Flood | Black Swan State Theatre Company

Flood | Black SwanLeft – Whitney Richards, Joshua Brennan, Adriane Daff, Rose Riley, Will O'Mahony. Photo – Gary Marsh Photography

Australia is a country still reeling from its colonial past. From the First Fleet, to the Stolen Generation, to the national apology and the naming of Australia Day, the relationship between Aboriginal people and white Australians tends to be marked by confusion, tension and bewilderment. While Aboriginal voices such as David Milroy and Jack Davis have long been held in esteem by theatre audiences, there has been a distinct lack of other voices on the issue, perhaps out of fear of being politically incorrect or causing offense. If theatre represents conversations, the silence from non-Indigenous Australians is deafening.
 
Into this void steps Black Swan State Theatre Company's production of FloodFlood tells the story of six young friends who escape to an idyllic remote campsite in North-Western Australia. After the usual fun and frivolity, the group is interrupted by a stranger, and the subsequent events surface as somewhat of a metaphor for our nation's history.
 
This is a confronting play, not just because of the vast emotional landscape, but also because of the truth of the perspectives. Frankie (Adriane Daff) wants to make amends by volunteering in Aboriginal communities. Steve (Samuel Delich) refuses to accept guilt or responsibility for events taking place years before his birth. In between are phrases, thoughts and opinions we've all heard in restaurants, workplaces, buses... It's theatre that is powerful in its ability to make you shift in your seat, and consider which of the voices truly belongs to you.
 
Adam Mitchell's direction is deft, slick and uncompromising. Working with a group of actors who are relatively young but wide-ranging in experience, he has given shape and purpose to a script that poses considerable challenges in performance. The blocking, even allowing for the three-sided audience, never felt forced, and the emotional truth and intensity proved captivating for the entirety of the eighty uninterrupted minutes.
 
Similarly striking was the production side of the performance. The stunning set from designer India Mehta created a perfect visual representation of both creek bed and rising turmoil, and was a joy to behold. The lighting by Chris Donnelly was purposeful and affecting, and the soundscapes prepared by Ben Collins created a beauty and unease that pervaded the entire performance.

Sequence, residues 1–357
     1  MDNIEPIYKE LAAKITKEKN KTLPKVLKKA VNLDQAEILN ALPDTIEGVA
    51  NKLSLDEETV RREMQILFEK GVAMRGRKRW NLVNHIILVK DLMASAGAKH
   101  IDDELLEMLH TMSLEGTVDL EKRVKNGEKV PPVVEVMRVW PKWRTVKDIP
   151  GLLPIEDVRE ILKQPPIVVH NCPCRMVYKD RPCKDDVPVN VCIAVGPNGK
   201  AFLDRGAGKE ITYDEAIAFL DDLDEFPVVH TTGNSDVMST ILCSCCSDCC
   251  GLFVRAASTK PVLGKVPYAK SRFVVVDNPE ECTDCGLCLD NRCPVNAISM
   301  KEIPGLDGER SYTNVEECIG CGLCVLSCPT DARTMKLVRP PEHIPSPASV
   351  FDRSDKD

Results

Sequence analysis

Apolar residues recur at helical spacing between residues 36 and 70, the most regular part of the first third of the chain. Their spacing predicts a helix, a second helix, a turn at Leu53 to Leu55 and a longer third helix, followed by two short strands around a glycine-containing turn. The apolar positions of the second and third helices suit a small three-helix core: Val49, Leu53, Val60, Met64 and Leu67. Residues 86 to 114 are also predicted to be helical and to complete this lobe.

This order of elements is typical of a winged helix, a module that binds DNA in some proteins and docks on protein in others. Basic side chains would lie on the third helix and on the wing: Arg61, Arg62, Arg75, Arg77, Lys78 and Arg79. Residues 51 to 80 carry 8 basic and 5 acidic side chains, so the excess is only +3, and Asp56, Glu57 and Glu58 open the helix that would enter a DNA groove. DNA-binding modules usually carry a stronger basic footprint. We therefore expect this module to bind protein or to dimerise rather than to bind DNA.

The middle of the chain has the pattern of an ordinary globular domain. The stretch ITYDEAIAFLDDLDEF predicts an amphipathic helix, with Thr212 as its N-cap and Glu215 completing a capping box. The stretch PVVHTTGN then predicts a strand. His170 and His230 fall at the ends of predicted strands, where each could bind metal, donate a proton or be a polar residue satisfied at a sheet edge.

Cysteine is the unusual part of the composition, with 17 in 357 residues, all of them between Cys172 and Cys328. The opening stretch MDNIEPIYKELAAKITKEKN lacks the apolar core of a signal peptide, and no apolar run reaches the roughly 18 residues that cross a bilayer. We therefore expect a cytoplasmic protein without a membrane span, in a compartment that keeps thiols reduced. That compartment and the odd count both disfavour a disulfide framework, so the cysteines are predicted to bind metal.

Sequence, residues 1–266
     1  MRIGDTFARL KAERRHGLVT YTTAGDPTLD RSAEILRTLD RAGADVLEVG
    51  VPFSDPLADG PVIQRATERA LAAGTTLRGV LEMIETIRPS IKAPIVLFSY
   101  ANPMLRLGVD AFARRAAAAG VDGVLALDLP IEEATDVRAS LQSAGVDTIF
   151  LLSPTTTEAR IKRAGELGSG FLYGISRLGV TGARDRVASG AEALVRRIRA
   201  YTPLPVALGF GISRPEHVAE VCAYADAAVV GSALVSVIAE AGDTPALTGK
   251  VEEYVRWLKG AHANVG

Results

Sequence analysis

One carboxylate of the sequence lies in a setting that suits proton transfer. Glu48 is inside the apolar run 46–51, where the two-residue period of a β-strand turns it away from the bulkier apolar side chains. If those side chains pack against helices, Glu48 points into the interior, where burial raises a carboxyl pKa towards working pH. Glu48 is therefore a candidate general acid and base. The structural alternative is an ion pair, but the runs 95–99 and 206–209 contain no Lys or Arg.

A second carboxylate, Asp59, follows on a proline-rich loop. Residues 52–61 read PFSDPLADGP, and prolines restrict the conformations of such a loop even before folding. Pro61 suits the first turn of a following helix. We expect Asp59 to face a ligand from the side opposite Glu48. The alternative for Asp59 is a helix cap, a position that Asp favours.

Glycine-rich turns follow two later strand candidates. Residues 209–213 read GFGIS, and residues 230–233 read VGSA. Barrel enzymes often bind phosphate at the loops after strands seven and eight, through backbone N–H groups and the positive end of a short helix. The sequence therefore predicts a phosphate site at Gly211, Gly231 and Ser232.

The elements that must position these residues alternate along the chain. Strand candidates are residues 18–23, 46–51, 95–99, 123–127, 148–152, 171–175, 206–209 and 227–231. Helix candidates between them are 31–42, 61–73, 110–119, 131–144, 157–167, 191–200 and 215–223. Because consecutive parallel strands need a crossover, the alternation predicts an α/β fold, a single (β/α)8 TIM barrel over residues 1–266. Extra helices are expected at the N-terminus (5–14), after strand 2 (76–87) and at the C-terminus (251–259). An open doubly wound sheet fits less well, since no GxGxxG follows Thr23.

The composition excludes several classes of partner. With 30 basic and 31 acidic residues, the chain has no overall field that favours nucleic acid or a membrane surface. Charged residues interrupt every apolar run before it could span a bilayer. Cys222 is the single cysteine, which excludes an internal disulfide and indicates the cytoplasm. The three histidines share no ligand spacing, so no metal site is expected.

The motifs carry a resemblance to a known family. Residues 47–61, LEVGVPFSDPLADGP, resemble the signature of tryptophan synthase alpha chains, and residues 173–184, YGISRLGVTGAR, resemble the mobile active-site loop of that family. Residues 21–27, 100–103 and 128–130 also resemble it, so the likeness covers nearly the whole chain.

The acting across the board was excellent. The young cast displayed such chemistry and empathy that their journeys provided outstanding ballast for the political perspectives, rather than being lost to them. Special mention however, goes to Adriane Daff who crafted a beautifully natural interpretation of the free-spirited Frankie, alternating between joy and despair without ever feeling forced. "Best on ground" honours are awarded wholeheartedly to Will O'Mahony whose portrayal of Sal was honest, natural and magnetic. The depth of this conflicted character; his guilt, fear and betrayal was played out in a manner that was heartfelt, poignant and unavoidable.
 
Scripts from new playwrights are often risky affairs, and Black Swan should be praised for its commitment to original works in giving life to Chris Isaacs' challenging text as part of the Emerging Writers Group initiative. While the direct-to-audience monologues feel quite lyrical and a tiny bit indulgent, the group dialogue is snappy, revealing and brilliant. The content of this play is not easy for a young white man to handle, but as Isaacs acknowledges, the issues belong to each of us and they impact on us all. He approached the topic from a world he knew, and has explored it in ways that are as sensitive as they are confronting.
 
Flood is a play that will divide opinions, spark conversations, and no doubt draw criticism. But this is not a bad thing. It speaks to the shared experiences of a very real issue, and provides a starting point for the unspoken to cross into discussion. Love it or hate it, but go see it.


Black Swan State Theatre Company presents
Flood
by Chris Isaacs

Directed by Adam Mitchell

Venue: Studio Underground | State Theatre Centre of Western Australia, Perth
Dates: 17 Jan – 2 Feb, 2014
Tickets: $24.00 – $49.00
Bookings: ticketek.com.au | Ticketek outlets | 1300 795 012




Most read Perth reviews

Senior Moments | Return Fire Productions

A funny, polished, satisfying theatrical offering.


Sign up for our newsletter

* indicates required